Last week, I asked for suggestions on where to begin in exploring the strange parts of Genesis: “What Are the Most Perplexing Mysteries at the Bible’s Beginning?” One of PJ Lifestyle’s most thoughtful commenters offered a suggestion that was on my list too:
Here’s more context for the verse in question, photographed from the New Revised Standard Bible I’ve had since third grade:
Some interpret these as references to human beings, others to supernatural creatures, angels, or “ancient aliens.” I like the way Darren Aronofsky portrayed them in Noah as rock creatures in the video above — angels of light that fell to earth and taught humans how to create things on their own, only to see people create war, decadence, and oppression.
I don’t have a strong view yet on how to interpret this passage, a part of me suspects that perhaps it should be considered alongside Genesis 5:24, too, in talking about Enoch walking with God. Are the two concepts interrelated? Is that perhaps why they’re back-to-back right before the narrative of the flood?
Chabad.org offers 3 interpretations, two that are more naturalistic and less exciting:
Explanation 2: Corrupt Authorities
Based on a more literal translation of benei elokim, many explain that the term is simply referring to princes, noblemen or judges11 who abused their power, raping anyone they fancied, and forcing any women who got married to have relations with them first.12 This, together with their many other sins, were what eventually led to the great flood.13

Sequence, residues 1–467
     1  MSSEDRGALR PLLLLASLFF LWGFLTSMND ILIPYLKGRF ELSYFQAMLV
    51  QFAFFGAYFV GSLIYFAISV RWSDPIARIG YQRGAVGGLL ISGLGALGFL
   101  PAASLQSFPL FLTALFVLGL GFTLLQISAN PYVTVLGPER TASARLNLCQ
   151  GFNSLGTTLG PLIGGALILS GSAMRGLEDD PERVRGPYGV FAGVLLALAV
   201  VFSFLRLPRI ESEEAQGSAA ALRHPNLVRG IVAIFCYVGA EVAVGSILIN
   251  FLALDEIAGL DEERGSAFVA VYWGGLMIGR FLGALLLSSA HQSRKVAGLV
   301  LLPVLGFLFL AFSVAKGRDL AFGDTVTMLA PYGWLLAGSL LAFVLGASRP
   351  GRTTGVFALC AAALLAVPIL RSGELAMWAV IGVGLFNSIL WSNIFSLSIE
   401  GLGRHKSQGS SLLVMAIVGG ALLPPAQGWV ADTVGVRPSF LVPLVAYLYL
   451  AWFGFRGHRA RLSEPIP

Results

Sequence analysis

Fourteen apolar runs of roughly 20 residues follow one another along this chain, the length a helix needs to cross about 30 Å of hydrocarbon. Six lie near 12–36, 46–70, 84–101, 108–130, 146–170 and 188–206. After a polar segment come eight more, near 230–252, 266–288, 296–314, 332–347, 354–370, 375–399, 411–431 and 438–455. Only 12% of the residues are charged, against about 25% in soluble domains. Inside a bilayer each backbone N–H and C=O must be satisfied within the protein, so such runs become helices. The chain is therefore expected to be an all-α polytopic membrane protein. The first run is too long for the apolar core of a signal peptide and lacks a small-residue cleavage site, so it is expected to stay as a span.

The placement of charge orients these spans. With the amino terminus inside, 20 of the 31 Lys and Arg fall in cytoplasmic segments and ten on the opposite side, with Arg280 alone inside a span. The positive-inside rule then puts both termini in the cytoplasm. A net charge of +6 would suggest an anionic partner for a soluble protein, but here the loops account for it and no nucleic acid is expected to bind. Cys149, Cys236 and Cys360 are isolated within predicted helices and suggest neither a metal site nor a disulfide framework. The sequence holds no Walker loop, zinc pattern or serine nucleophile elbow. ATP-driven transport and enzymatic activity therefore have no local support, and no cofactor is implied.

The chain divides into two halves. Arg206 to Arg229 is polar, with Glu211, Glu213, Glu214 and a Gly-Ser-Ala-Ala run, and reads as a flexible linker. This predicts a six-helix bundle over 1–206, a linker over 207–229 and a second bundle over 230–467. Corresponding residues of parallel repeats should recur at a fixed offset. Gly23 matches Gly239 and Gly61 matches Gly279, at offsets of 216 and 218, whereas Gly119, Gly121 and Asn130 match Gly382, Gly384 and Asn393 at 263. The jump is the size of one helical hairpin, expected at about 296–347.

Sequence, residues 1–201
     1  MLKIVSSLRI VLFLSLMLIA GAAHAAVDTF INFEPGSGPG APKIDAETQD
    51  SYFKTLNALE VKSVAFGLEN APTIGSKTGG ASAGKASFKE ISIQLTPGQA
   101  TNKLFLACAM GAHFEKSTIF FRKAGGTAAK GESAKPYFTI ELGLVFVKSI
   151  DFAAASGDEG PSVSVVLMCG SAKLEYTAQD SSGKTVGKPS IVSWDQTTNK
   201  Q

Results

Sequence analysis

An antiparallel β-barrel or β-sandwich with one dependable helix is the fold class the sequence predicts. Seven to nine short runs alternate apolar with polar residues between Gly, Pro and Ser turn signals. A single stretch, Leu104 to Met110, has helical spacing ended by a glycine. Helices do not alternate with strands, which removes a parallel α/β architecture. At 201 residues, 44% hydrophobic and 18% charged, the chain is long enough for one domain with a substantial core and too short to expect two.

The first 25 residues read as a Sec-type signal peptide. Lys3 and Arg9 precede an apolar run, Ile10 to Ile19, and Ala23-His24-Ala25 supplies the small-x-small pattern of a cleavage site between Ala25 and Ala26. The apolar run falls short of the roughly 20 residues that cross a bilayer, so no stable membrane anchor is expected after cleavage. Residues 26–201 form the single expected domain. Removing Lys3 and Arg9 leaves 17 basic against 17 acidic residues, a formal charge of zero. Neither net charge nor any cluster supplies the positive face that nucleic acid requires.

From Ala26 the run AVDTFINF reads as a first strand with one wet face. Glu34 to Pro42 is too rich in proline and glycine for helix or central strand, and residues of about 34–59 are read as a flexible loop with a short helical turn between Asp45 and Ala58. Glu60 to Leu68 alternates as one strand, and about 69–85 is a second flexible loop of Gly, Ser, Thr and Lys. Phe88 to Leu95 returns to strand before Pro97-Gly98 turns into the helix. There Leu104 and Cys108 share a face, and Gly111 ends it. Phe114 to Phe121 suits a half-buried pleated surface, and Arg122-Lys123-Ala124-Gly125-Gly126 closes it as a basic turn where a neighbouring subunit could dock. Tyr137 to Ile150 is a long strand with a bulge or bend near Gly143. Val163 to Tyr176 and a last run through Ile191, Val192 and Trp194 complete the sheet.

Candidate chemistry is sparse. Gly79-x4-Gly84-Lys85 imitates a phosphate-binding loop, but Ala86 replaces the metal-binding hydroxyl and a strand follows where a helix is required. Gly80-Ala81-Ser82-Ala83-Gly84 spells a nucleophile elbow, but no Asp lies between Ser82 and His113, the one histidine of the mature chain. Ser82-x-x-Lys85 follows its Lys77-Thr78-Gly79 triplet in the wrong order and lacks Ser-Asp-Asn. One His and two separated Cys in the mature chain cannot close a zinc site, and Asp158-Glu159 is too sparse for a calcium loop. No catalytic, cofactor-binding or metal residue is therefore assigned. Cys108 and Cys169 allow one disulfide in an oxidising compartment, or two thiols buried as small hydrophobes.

There are, however, differences of opinion as to whether the nephilim are simply the benei elokim after they had “fallen,” or if the term refers to the descendants of these bnei elokim.14
That seems to make sense. Another position that I’ve been exploring and leaning toward is the idea that all of the Pagan gods of antiquity originated just in extraordinary people (both good and bad) who were gradually deified over the centuries. An old book I’ve been reading on my iPad, published in 1909: The Worship of the Dead: Or the Origin and Nature of Pagan Idolatry
What do you think? Is this a hint at how humans came to worship other men and women as gods?